2.2. FT-IR Spectroscopy

The solid state FT-IR spectrum of H3L and 1 is shown in the supplementary materials (Figure S1). These spectral studies reveal that the azomethine (ν-CH=N-) stretching frequency of the H3L (1602 cm−1) was shifted to a lower energy in the complex and appeared at 1591 cm−1. The ν(Calk-O) stretching vibration of the H3L (1270 cm−1) was also moved to lower energies in the complex and appeared at 1112 cm−1. The stretching vibration corresponding to aliphatic-OH (ν-CH2-OH) of the H3L (centered a 3305 cm−1) was not observed in the spectrum of 1, confirming its deprotonation upon complexation. The binding of the ligand was further substantiated by the presence of a number of bands in the range 412–567 cm−1, assignable to the Mn–O and Mn–N bonds [18].

2.3. Electronic Spectrum

Electronic absorption spectra of H3L (Figure S2) and 1 (Figure 1) were recorded in acetonitrile at 300K. The free ligand showed two peaks at 242 and 372 nm, assignable to π→π* and n→π* transitions, respectively, which on chelation underwent red shift and appeared at 248 and 374 nm in the spectrum of 1. An additional shoulder appeared at 473 nm in the spectrum of 1 that may be considered as a combination of ligand to metal charge transfer (LMCT) and ligand-field transitions involving the manganese(IV) ions. Weak d-d transition bands for Mn(IV) ions are found at 850 and 966 nm, corresponding to 2T1g4A2g and 2Eg4A2g transitions, respectively [19].

2.4. Crystal Structure Description

The single crystal X-ray diffraction study shows that compound 1 crystallizes in the trigonal space group R-3. Figure 2(left) shows a perspective view of 1 with atom labels. The compound possesses a tetra nuclear tetrahedral Mn4 structure (Figure 2(right)). Relevant bond distances and angles of 1 are listed in Table 1.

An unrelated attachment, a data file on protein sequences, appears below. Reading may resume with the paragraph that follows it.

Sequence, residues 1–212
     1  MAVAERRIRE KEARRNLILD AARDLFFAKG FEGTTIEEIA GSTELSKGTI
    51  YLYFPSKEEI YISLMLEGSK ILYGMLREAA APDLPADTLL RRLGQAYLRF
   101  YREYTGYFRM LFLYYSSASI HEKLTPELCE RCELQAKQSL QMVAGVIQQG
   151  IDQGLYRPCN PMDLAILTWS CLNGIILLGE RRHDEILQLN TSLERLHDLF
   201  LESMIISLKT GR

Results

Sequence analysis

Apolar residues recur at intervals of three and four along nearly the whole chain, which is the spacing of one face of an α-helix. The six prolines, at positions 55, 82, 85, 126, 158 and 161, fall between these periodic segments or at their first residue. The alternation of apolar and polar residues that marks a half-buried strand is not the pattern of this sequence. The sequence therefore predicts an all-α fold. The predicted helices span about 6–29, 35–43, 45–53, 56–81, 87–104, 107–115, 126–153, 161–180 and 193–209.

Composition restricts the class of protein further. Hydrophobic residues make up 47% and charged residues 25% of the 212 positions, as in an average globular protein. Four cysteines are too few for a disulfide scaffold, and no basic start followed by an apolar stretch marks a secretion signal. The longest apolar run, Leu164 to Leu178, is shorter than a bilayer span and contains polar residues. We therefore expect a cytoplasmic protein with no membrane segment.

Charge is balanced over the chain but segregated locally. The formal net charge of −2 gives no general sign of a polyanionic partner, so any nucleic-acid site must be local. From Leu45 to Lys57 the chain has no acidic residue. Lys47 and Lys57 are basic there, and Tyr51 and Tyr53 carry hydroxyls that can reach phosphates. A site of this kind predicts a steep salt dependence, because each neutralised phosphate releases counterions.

The tetranuclear mixed-valence manganese compound has a C3 symmetry and possesses a Mn(II) center(Mn2) on the C3 axis, three crystallographically equivalent Mn(IV) centers (Mn1, Mn11 and Mn12), three fully deprotonated crystallographically equivalent Schiff base ligands, three bridging Cl ligands, and a central oxido anion connecting the three Mn(IV) centers located on the C3 axis. The ligand L3− exhibits a μ-bridging tetradentate coordination mode of the type O3N (Scheme 2) and is coordinated to both types of Mn ions.
Thus, each of the three crystallographically equivalent Schiff base anions coordinated to one of the three Mn(IV) metals in a tridentate O2N meridional mode through its enolato oxygen (O11), the imine nitrogen (N7), and the internal alkoxido oxygen atom (O2). The distorted octahedral geometry of the Mn(IV) ions is completed by two of the three equivalent μ-bridging chlorido ligands (Cl1 and Cl11; symmetry code: 1 = 1 − y, x − y, z) and the μ3-oxido ligand (O1). Mn2 is coordinated by the three Schiff base anions via their terminal (O3) and internal (O2) alkoxido oxygen atoms, giving rise to a slightly distorted trigonal prismatic geometry. The coordination geometry, analyzed by the program SHAPE [20,21], confirms that of Mn1 adopts a distorted octahedral geometry whereas Mn2 displays a distorted trigonal prismatic geometry(Table 2). Each Mn(IV) is joined to the Mn(II) ion by the O2 atom with a Mn1–O2–Mn2 bond angle of 125.5(2)°. The three μ-bridging chlorido ligands connect two Mn(IV) atoms with a Mn1–Cl1–Mn12 (symmetry operation: 2 = 1 − x + y, 1 − x, z) bond angle of 74.20(9)° and form an equilateral triangle as a result of the C3 symmetry of the cluster. The oxido (O1) atom is located on the C3 axis at the center of the triangle and connected with three Mn(IV) atoms with a Mn11-O1-Mn12 bond angle of 119.00(7)°. The central core can be described as a tetrahedral Mn4 cluster formulated as Mn4Cl3O4, in which a Mn(II) ion is associated with threeμ2-O bridges to an equilateral triangle of Mn(IV) ions, which are connected by a μ3-O and three μ2-Cl bridges. The Mn(IV)–Mn(IV) and Mn(IV)–Mn(II) distances in the cluster are 3.2523(17) and 3.5801(17) Å, respectively. Crystal packing reveals that very weak non-classical intermolecular C-H···Cl hydrogen bonding between aromatic hydrogen (H13) and chloride ligand (Cl1) with bond dimension C13-H13···Cl1 = 3.742(13) Å leads to a 3D supramolecular structure in its solid state.